This virus may also have long term effects. It screws with all kinds of organs including the brain. The lasting "brain fog" is well documented. Will those people be more vulnerable to things like Alzheimers and strokes in the future. We don't know. Someone who has had Chickenpox as a child can have Shingles which is much worse get them when they are older. Anyone who takes this lightly is playing roulette.

Yeah I know. I've been saying it since day one. Protect the elderly. As for those effects, they are not common. TOday every time somebody gets a nasty rash we get to hear all about it.

Life is full of risks and I am not concerned about getting it. It would be a few days of unpleasant feeling at most. Or, like the majority of people, no symptoms at all. You are still free to be overly cautious if that works for you. Just leave otherwise healthy normal people alone.

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11 minutes ago, OftenWrong said:

Yeah I know. I've been saying it since day one. Protect the elderly. As for those effects, they are not common. TOday every time somebody gets a nasty rash we get to hear all about it.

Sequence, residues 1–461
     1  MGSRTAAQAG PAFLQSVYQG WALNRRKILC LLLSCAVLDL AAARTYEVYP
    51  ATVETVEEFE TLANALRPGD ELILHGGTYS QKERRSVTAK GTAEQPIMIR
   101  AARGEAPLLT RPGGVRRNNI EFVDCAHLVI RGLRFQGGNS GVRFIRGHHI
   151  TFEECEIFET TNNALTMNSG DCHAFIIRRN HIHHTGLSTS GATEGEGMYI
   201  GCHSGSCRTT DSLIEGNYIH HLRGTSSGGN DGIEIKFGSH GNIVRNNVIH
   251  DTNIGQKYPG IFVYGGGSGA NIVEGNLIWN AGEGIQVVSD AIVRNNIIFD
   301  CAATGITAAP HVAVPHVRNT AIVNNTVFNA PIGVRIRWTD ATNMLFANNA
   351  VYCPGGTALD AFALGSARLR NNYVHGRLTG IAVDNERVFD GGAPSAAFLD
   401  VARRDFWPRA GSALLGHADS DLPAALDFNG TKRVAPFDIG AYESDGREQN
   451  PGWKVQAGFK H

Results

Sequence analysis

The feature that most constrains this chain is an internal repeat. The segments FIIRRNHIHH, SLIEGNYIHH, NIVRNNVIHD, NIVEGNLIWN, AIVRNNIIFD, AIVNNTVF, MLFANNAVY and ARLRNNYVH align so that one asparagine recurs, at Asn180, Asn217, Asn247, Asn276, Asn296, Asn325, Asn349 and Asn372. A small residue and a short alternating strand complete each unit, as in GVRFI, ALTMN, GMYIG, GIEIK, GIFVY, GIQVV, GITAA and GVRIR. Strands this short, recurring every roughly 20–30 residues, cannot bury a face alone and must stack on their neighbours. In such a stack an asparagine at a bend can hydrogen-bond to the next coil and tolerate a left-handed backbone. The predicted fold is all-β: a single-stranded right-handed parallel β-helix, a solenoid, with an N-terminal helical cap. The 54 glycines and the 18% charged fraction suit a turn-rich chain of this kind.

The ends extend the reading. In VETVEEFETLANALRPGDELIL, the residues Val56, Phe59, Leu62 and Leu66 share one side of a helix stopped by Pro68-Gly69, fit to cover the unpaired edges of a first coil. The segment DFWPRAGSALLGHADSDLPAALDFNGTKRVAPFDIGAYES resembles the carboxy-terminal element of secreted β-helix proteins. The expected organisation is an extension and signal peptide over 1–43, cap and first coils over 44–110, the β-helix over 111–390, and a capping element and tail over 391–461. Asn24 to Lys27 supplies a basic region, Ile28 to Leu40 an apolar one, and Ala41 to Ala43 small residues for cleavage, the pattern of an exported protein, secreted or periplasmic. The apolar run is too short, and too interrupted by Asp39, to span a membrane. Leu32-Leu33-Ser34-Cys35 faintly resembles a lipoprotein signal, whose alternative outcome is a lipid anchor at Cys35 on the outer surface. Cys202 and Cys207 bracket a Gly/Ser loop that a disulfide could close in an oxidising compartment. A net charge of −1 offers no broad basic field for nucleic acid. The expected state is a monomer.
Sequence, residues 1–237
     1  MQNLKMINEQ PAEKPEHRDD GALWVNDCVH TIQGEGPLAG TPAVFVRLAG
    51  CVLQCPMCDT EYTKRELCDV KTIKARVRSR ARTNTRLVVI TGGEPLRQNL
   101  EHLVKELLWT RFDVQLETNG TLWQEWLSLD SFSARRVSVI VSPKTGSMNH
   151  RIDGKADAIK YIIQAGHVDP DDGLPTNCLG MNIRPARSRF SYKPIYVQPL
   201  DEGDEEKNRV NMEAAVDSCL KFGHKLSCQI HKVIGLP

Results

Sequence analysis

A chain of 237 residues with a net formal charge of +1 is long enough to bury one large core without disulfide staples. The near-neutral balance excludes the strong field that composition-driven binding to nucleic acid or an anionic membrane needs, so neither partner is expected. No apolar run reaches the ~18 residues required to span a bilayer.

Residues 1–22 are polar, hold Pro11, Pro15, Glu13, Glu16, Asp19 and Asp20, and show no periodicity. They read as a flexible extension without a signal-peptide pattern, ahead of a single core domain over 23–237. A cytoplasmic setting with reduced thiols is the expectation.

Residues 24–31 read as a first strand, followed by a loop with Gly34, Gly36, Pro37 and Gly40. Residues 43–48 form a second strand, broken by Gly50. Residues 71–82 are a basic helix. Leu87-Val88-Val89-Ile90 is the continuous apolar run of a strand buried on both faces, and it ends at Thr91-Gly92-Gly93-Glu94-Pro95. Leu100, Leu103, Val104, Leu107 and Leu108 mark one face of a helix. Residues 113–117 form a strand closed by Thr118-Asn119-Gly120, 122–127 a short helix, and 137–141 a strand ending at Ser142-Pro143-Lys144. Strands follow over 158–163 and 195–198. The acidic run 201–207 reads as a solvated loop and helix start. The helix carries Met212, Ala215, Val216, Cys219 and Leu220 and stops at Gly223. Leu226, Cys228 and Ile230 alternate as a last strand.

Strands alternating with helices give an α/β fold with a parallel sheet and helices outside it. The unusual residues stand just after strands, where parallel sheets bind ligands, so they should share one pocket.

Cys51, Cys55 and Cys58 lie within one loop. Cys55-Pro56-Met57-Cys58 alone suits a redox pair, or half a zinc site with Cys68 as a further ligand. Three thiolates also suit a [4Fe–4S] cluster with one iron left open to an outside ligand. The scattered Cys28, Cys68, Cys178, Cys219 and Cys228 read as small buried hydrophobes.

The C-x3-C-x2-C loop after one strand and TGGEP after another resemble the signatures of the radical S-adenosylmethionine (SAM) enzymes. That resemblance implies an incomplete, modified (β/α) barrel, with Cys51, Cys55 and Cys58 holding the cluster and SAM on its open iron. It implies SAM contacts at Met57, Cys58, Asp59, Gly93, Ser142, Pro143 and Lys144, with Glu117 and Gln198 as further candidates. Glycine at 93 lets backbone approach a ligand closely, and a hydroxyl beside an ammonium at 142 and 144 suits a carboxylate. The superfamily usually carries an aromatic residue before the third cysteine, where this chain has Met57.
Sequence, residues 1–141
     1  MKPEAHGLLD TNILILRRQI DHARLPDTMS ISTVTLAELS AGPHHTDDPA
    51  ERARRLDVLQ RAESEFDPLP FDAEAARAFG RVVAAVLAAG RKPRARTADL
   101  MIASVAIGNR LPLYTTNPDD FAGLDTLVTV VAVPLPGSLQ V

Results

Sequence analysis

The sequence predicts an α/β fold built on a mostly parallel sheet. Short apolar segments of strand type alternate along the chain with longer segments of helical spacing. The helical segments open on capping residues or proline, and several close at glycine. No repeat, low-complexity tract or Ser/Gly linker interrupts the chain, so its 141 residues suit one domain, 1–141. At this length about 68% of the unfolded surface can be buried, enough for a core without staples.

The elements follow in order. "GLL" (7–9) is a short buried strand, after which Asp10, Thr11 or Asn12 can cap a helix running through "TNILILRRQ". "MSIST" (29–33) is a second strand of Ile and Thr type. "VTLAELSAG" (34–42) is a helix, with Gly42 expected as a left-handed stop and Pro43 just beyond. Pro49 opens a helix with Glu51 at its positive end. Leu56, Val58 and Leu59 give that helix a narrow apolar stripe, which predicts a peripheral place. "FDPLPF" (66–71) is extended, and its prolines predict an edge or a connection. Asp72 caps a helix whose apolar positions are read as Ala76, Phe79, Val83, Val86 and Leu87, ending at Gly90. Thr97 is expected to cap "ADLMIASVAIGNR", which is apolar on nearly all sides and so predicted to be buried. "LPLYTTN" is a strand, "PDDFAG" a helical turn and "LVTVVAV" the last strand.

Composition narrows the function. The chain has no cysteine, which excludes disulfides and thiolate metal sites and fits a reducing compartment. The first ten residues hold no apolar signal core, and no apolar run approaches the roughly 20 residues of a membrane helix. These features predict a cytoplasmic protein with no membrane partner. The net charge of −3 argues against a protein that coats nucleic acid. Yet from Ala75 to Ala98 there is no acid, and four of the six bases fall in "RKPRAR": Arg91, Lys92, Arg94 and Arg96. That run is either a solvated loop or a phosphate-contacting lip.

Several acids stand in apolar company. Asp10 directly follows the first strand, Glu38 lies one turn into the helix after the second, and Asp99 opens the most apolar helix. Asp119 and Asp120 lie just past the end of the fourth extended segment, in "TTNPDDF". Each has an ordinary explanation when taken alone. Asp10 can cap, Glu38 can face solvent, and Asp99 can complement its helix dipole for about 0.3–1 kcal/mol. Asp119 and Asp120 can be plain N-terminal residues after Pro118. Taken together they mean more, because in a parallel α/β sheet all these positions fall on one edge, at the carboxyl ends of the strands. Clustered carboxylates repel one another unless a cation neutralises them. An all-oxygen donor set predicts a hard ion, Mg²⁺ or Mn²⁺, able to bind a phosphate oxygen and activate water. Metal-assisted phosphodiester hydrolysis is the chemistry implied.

Life is full of risks and I am not concerned about getting it. It would be a few days of unpleasant feeling at most. Or, like the majority of people, no symptoms at all. You are still free to be overly cautious if that works for you. Just leave otherwise healthy normal people alone.

Shingles can be much more than a nasty rash. I have a friend who lost his flying career when it got into his eyes. It didn't blind him but he could no longer pass a physical.

How do you know you are otherwise healthy and how do you leave others alone? You unknowingly infect a health care worker in the grocery store and they unknowingly take it into a LTC or hospital. That's how this works.

Edited by Aristides
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5 hours ago, Aristides said:

Professionals are concerned about new variants and their resistance to vaccines. So far the vaccines we have are working well, who knows about the future. There are no guarantees here.